In that context, I think gays would almost always find some church that would solemnize the union, if they wanted, and the fundagelicals would generate less breeze flapping their jaws.

    My $0.02 — discount at your pleasure.

  12. 12
    F [is for failure to emerge]

    Yeah, it’s kind of like the Twilight Zone that way.

  13. 13
    D. C. Sessions

    I thought that ‘civil unions’ were a reasonable compromise (at least as a first step).

    Hmm. Rather the other way ’round for me — I’d consider them the last step — but total equality in that civil unions are the only part of “marriage” that the State needs to be involved with.

    I also continue to suspect that if the fundies were smart, they’d settle for that solution: “maybe we can’t have the State support our Marriage, but at least it’s not defiling it with their icky thing!”

  14. 14
    cptdoom

    Although I understand that Rauch is saying, I think he is mistaken about the proposed boycott of Ender’s Game. The point of the boycott is that the book and the movie don’t, reflect Card’s bigotry. The boycott therefore is being used to highlight Card’s bigotry and hatred, by making it clear the movie does not provide full details on how horrible a man he is.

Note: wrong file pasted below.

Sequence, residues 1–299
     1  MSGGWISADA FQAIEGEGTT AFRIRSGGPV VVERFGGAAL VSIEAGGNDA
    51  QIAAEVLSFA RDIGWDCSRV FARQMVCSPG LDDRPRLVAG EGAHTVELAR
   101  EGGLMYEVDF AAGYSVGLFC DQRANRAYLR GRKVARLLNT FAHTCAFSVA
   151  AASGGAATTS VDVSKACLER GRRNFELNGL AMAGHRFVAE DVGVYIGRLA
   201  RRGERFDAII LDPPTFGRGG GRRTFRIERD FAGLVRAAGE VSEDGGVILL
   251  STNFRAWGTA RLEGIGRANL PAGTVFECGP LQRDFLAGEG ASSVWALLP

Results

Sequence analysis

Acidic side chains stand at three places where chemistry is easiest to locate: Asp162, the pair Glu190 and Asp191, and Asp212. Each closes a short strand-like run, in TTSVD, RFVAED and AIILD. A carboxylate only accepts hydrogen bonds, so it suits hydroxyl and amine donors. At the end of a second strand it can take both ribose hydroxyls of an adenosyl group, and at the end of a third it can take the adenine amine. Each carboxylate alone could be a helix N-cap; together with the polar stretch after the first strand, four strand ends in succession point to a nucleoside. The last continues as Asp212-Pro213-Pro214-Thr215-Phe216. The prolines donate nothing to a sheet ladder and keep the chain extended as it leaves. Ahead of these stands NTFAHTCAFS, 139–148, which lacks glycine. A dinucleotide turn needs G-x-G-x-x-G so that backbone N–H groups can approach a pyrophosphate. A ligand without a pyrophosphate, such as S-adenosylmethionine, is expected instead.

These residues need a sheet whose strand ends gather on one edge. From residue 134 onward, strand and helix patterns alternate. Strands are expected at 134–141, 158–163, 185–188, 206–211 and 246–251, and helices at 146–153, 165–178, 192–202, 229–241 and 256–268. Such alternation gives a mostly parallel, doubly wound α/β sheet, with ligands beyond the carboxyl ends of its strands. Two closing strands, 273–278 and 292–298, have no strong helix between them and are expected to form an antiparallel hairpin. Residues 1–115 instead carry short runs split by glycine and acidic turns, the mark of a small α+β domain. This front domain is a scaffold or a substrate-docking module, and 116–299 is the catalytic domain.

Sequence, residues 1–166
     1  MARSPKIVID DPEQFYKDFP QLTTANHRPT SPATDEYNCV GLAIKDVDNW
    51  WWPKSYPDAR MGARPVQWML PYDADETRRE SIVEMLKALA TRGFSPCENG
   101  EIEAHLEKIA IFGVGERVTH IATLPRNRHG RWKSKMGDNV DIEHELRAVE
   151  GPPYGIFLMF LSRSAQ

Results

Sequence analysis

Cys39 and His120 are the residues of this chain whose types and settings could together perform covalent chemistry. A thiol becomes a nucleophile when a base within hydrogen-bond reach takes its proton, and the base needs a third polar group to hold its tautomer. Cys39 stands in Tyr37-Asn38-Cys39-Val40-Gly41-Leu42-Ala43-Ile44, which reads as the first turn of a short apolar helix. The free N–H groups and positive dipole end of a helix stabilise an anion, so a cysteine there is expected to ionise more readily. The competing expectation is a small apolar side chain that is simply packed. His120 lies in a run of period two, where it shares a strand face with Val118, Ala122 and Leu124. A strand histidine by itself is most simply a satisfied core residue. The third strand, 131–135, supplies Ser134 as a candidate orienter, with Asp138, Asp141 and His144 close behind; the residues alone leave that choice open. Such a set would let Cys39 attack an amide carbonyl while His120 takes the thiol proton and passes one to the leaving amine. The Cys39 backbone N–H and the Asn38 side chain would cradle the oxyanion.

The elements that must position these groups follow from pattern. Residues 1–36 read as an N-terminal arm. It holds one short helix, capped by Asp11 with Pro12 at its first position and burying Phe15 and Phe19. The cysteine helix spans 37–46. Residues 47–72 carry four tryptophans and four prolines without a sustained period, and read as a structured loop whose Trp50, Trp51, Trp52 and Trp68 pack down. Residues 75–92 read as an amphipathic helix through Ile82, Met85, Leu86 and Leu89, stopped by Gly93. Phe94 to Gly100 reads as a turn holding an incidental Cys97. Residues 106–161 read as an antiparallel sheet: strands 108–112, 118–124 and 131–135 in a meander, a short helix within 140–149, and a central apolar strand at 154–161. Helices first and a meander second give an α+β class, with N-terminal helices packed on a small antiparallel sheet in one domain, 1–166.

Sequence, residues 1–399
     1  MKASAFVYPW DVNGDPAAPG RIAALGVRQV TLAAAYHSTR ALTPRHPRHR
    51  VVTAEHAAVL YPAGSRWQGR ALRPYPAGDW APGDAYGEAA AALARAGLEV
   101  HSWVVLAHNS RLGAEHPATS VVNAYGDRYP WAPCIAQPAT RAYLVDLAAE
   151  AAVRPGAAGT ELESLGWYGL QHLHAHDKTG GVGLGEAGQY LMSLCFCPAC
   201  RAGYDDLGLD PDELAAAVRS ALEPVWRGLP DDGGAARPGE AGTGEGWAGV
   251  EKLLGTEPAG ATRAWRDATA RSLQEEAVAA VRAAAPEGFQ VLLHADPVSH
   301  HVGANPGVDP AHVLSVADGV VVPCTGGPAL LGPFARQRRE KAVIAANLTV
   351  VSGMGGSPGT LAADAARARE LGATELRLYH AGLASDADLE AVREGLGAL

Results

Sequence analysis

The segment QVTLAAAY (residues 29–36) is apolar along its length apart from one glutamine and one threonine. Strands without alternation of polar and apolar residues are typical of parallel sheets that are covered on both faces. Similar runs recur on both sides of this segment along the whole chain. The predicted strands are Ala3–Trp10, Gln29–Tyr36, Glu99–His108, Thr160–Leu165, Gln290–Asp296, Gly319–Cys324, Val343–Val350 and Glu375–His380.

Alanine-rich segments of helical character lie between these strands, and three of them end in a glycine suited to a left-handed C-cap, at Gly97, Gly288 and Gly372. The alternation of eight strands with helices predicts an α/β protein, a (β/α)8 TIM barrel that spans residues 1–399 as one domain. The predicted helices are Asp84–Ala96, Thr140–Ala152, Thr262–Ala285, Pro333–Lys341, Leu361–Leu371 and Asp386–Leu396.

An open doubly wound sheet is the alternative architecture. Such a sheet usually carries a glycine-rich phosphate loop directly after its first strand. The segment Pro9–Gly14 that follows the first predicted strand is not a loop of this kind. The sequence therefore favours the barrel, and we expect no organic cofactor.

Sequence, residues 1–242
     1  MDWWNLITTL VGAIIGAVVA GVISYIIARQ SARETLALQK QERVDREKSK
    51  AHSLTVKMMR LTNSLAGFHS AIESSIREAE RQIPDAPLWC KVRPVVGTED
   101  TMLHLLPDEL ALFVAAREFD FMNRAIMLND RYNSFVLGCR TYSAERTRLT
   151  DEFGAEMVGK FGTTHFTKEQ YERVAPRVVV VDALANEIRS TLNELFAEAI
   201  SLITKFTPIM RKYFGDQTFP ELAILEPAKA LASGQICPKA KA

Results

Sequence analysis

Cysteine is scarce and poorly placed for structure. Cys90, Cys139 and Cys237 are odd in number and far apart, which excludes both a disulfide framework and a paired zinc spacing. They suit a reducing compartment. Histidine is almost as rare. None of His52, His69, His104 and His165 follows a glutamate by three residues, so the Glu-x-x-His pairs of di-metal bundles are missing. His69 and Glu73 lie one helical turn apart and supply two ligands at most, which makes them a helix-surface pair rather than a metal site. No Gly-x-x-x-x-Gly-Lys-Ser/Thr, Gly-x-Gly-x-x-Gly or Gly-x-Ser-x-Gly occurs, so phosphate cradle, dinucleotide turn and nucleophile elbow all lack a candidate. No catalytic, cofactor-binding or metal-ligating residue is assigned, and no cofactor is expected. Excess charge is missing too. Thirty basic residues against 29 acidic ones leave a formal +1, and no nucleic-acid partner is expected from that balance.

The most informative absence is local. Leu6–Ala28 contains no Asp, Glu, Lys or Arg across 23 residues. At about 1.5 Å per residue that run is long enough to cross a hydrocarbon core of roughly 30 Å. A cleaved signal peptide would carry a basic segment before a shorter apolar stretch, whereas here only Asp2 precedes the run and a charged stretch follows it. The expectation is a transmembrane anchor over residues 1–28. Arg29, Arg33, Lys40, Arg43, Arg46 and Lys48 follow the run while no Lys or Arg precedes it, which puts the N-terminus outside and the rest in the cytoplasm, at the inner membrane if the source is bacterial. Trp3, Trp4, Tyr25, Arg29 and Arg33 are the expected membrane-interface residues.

15. 15
    alanb

    “The Civil Rights movement should thank God for Bull Connor. He’s helped it as much as Abraham Lincoln.”
    -John F. Kennedy

  16. 16
    bobcarroll

    My response to this situation in my own life was less than adequate. When the first suggestion of the possibility of gay marriage started appearing on the political scene, I thought that civil unions would be an acceptable compromise. It wasn’t long, though, that it became clear that this wasn’t working. The same problems kept cropping up. Even where civil unions were legal, gay people had the same problems. So, once again, separate but equal turned out to be an idiotic fallacy. That took me too long to figure out.

  17. 17
    cswella

    I can see that, the biggest ignition to my leaving the church and religion overall was the church’s stance on homosexuality. The Lutheran church I went to broke off ties with charities and other churches simply because they didn’t mind employing or having gays as volunteers.

    This stance seemed so ridiculous to me that I spent more time reading the bible to prove them wrong, and once I couldn’t, the whole rest of the bible unraveled into nonsense.

  18. 18
    marcus

    D.C. Sessions @ 13 Of course, you are correct as well. As long as everyone is allowed to participate equally, with complete and commensurate rights, that is all that really matters.

  19. 19
    gregorypeterson

    All that blather about how marriage equality will destroy America etc has been done before, back when legalizing the “unnatural sin of miscegenation” had the Bible Belt (and bigots elsewhere) in a froth.

    Compare and contrast.

    http://www.citizenscouncils.com/

  20. 20
    democommie

    “There’s an argument to be made that Martin Luther King, Jr. needed Bull Connor.”